We call it the Little Ice-Age and it delivered two brutal blows to the inhabitants of medieval Europe ... The great famine ... The black death was one of the worst pandemics in history; it began not in Europe but in Asia as a direct consequence of the impact of climate change on rodents. Man on Earth with Tony Robinson IV: The Modern World, Channel 4 2008
650 million years ago the Earth froze. It pushed life to the verge of extinction. But if it hadn’t, life today would be little more than microscopic slime. This is the story of snowball Earth. Tony Robinson, Catastrophe II: Snowball Earth, Channel 4 2008
The planet froze. Temperatures plummeted. Ice spread down from the poles. It encased the planet in a layer thousands of metres thick. A snowball Earth. ibid.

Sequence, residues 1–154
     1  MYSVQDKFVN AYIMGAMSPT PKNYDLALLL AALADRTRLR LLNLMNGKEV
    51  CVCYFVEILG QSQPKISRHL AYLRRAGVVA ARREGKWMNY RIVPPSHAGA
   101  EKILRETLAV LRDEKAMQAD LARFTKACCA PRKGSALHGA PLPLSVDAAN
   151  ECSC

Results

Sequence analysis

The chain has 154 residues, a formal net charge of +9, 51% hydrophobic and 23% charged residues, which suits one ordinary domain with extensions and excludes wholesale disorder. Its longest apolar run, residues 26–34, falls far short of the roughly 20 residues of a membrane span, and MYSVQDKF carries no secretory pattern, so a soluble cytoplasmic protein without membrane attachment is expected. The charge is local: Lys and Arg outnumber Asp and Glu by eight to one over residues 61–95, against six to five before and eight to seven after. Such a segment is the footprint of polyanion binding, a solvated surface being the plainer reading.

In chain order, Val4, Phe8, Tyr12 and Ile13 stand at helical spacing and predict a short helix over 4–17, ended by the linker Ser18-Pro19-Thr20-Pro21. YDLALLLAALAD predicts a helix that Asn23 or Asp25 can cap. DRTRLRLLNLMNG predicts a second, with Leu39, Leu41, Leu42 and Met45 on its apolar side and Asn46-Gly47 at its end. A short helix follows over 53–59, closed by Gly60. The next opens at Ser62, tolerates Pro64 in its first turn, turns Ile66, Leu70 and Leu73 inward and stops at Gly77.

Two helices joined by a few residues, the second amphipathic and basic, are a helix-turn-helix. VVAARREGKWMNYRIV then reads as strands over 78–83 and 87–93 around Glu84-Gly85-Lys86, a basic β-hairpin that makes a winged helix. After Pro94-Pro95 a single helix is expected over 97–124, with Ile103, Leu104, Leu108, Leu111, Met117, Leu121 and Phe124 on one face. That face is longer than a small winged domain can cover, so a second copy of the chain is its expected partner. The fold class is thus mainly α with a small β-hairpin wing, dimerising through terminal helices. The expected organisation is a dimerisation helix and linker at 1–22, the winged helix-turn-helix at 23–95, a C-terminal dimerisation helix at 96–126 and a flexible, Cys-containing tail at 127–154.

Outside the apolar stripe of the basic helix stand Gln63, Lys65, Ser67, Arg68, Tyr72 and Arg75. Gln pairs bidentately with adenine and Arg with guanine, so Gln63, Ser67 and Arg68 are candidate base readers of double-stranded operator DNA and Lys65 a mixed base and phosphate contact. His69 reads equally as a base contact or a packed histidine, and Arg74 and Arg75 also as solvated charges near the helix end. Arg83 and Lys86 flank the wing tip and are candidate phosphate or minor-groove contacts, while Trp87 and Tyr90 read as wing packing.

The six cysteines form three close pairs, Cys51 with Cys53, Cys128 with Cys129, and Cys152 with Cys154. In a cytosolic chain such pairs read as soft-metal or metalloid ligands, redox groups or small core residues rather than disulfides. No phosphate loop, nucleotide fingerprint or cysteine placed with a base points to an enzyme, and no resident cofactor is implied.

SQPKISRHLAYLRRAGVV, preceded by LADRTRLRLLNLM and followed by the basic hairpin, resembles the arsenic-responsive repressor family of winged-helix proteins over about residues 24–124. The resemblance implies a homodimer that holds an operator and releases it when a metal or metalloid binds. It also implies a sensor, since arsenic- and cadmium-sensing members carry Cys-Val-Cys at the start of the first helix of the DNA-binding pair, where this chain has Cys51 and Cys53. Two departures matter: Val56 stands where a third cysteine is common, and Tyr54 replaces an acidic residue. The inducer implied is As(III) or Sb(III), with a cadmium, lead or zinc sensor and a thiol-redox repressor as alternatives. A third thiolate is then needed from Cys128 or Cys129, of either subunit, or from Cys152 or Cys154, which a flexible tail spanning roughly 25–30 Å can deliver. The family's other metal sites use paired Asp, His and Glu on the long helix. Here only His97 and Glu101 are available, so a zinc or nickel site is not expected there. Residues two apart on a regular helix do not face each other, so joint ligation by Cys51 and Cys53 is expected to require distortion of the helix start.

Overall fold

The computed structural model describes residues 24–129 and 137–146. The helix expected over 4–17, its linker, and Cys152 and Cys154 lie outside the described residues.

Glaciers are nature’s bulldozers. ibid.
The term snowball Earth was coined by geologist Joe Kirschvink who has been gathering evidence on the theory for the past two decades. ibid.
Cyanobacteria were depleting them further. In combination with weathering they sucked the carbon dioxide out of the atmosphere and temperatures plummeted. ibid.
A catastrophic chain reaction pushed it to the point of no return. ibid.
Volcanoes are the only things on the planet hot enough and strong enough to thaw a frozen world. ibid.
An ice sheet could have masked the impact of a powerful impact 13,000 years ago. Tony Robinson, Catastrophe V: Survival Earth
20,000 years ago our planet was in the middle of an Ice-Age. Orbit: Earth’s Extraordinary Journey II, BBC 2012